Behind The Door Of This Reclusive Janitor Was A Vast And Magical World

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For much of his life, Henry Darger lived a reclusive life, only going to work as a janitor and to church in Chicago. He was a quiet, shy man with few friends and no family, and seemed to live a simple life. When he died in 1973, his landlords went to clean out his apartment, and they discovered something incredible.

Darger’s room, full of his writing, artwork and collections.

They discovered that for the last sixty years of his life, Darger had been working on a huge, illustrated novel called In the Realms of the Unreal, which clocked in at over 15,000 pages, and included illustrations that measured some ten feet in length. The majority of the story tells of the seven Vivian sisters who bravely lead a rebellion of enslaved children against the evil Glandelians, and is formally titled The Story of the Vivian Girls, in What is Known as the Realms of the Unreal, of the Glandeco-Angelinian War Storm Caused by the Child Slave Rebellion. Luckily, the landlords, Nathan and Kiyoko Lerner, had an eye for the artistic and immediately recognized the value of his work.

Throughout his life, Darger collected religious items and images depicting children.
The manuscript for In the Realms of the Unreal is 15,145 pages long.

To create the story, Darger invented an entire world, a vast planet around which the Earth orbits. The story includes dragon-like beasts, children overcoming grave peril, and lots of adventure. It’s also heavy with Christian imagery, as Darger was a very religious man. He also, in his own way, was a staunch advocate for children’s rights. In the Realms of the Unreal may have been inspired by the 1911 murder of five-year-old Elsie Paroubek. The tragic loss of the little girl seemed to haunt Darger, perhaps inspiring his valiant child heroines.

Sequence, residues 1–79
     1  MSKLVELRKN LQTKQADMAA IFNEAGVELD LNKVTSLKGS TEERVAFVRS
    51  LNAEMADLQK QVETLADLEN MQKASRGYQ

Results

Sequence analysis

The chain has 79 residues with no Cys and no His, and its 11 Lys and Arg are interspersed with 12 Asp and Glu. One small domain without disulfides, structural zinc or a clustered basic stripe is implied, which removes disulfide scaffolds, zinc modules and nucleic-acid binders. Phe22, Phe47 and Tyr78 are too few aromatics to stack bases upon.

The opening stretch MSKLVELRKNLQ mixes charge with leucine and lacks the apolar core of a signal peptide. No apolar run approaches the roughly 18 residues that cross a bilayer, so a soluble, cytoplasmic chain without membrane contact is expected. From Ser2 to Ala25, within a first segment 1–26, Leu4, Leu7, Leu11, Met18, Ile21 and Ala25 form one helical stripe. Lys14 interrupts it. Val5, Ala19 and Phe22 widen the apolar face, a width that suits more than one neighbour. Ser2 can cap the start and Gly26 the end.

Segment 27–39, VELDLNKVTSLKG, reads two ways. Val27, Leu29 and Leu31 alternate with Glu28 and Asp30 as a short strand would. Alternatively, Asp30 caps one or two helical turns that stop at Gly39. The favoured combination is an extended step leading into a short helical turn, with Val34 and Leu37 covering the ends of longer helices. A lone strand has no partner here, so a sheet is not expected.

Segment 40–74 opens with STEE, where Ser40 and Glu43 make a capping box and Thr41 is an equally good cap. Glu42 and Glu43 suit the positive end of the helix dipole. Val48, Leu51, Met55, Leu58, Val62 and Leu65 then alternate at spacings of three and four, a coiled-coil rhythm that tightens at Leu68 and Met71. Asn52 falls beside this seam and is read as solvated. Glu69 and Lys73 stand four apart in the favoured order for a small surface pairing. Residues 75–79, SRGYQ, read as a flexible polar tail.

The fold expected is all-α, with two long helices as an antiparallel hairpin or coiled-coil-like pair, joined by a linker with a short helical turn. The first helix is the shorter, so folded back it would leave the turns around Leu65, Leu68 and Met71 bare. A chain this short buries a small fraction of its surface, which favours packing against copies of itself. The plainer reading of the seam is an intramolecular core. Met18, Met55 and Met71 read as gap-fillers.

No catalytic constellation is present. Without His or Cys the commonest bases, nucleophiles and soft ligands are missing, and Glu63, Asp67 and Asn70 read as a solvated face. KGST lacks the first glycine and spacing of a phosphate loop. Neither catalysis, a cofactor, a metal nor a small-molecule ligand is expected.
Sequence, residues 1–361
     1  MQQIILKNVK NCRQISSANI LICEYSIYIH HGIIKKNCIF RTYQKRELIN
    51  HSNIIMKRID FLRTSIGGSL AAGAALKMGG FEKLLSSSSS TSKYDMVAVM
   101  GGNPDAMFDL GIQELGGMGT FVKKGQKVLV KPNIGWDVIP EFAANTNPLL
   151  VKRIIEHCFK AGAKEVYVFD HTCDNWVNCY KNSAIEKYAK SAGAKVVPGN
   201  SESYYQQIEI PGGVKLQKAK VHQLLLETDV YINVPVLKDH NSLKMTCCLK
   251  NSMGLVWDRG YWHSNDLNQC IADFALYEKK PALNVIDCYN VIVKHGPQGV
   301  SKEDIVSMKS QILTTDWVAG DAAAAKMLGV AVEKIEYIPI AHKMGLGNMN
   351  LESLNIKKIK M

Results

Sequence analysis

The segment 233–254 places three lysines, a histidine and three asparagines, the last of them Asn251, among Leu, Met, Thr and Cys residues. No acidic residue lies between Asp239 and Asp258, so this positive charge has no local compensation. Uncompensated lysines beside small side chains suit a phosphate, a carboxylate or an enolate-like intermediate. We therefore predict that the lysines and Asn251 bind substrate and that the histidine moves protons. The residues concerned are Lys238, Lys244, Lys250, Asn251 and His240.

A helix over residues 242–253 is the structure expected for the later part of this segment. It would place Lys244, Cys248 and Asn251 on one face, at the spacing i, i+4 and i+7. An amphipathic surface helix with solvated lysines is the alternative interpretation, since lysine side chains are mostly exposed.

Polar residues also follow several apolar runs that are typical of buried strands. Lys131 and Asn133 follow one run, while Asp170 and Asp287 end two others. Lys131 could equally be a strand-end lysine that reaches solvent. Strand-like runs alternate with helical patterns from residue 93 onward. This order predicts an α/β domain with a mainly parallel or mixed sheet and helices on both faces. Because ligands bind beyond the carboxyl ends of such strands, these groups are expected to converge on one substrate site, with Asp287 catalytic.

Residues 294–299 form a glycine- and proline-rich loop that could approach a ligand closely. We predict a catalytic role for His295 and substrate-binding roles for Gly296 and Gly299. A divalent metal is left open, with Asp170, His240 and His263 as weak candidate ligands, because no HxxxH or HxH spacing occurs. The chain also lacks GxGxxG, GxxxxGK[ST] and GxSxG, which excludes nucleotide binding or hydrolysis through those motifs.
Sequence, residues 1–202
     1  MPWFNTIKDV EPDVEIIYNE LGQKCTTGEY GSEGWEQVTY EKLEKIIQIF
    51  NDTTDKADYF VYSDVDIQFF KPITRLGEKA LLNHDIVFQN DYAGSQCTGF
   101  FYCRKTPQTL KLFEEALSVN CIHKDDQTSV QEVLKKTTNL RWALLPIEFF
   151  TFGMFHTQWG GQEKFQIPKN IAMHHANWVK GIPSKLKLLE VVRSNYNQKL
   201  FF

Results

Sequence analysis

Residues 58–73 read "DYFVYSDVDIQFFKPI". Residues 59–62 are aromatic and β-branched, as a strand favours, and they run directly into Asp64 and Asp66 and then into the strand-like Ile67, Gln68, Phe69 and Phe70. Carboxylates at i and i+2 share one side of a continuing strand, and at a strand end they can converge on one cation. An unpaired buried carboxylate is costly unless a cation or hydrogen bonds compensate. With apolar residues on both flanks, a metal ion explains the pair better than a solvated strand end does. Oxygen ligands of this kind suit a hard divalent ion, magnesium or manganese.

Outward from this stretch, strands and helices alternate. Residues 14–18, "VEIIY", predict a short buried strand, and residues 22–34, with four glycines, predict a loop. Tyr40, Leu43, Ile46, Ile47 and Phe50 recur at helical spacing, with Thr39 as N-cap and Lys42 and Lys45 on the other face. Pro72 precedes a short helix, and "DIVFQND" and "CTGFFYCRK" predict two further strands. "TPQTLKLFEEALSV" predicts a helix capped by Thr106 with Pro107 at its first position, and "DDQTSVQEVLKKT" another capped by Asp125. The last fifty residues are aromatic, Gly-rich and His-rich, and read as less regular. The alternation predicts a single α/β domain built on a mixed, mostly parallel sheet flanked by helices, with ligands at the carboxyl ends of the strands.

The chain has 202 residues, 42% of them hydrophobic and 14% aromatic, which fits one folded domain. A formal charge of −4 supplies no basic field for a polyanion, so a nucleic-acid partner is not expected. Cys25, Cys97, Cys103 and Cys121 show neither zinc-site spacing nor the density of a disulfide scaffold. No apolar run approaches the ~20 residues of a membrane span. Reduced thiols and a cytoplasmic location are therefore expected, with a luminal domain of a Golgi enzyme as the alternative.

Some of his work was collaged, using cutout images from magazines.
Besides human children, Darger’s characters include mythical half-human, half-dragon beasts called Blengigomeneans, or “Blengins” for short.

Some people have been suspicious of Darger’s imagery, which often shows young children, typically girls, in violent situations. However, based on what information they have on Darger’s life, historians believe that these frightening scenes may have been Darger’s way of coping with his own abuse. As a child, he was sent to the Illinois Asylum for Feeble-Minded Children (that’s really what it was called), where he was routinely subjected to harsh, abusive punishments. Today, we might say that Darger may have had Asperger’s syndrome or a variety of other mental or developmental challenges, but because of the times, he likely wasn’t treated with the compassion he deserved.

Many of the figures in his illustrations repeat, as Darger would often trace images from advertisements and magazines.
Entirely self-taught, Darger’s work is unique as it lacks formal influence.

Besides this novel, Darger also had an extensive, even obsessive, collection of magazines, a daily weather journal that spanned some ten years, countless scrapbooks. The Lerners kept his room intact until 2000, and today, much of Darger’s work can be seen in the Museum of Modern Art and theAmerican Folk Art Museum. Though he never gained money or recognition for the work in life, his pieces today can sell for more than $80,000, and he’s considered a major figure in the Outsider Art movement. You can watch a documentary on him for free online.

Darger saw himself as a protector of children, and wrote that children the world over had the rights “to play, to be happy, and to dream, the right to normal sleep of the night’s season, the right to an education, that we may have an equality of opportunity for developing all that are in us of mind and heart.”

Via MessyNessyChic/ViralNova

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